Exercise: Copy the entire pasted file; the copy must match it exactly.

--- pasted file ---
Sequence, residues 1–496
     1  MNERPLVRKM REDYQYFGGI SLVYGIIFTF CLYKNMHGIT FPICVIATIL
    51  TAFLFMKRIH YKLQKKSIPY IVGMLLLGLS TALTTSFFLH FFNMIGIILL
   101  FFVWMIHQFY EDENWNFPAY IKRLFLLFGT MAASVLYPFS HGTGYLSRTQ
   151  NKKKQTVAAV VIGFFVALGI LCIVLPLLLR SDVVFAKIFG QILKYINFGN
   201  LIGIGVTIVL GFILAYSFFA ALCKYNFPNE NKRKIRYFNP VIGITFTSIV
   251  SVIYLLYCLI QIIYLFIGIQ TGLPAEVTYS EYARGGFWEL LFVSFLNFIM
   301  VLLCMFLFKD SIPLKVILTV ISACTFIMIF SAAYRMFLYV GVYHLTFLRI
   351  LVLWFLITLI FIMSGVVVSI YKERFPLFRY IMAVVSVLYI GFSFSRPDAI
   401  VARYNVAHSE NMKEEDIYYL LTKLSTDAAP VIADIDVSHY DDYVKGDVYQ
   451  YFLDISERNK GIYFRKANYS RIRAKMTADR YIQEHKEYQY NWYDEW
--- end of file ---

Sequence, residues 1–496
     1  MNERPLVRKM REDYQYFGGI SLVYGIIFTF CLYKNMHGIT FPICVIATIL
    51  TAFLFMKRIH YKLQKKSIPY IVGMLLLGLS TALTTSFFLH FFNMIGIILL
   101  FFVWMIHQFY EDENWNFPAY IKRLFLLFGT MAASVLYPFS HGTGYLSRTQ
   151  NKKKQTVAAV VIGFFVALGI LCIVLPLLLR SDVVFAKIFG QILKYINFGN
   201  LIGIGVTIVL GFILAYSFFA ALCKYNFPNE NKRKIRYFNP VIGITFTSIV
   251  SVIYLLYCLI QIIYLFIGIQ TGLPAEVTYS EYARGGFWEL LFVSFLNFIM
   301  VLLCMFLFKD SIPLKVILTV ISACTFIMIF SAAYRMFLYV GVYHLTFLRI
   351  LVLWFLITLI FIMSGVVVSI YKERFPLFRY IMAVVSVLYI GFSFSRPDAI
   401  VARYNVAHSE NMKEEDIYYL LTKLSTDAAP VIADIDVSHY DDYVKGDVYQ
   451  YFLDISERNK GIYFRKANYS RIRAKMTADR YIQEHKEYQY NWYDEW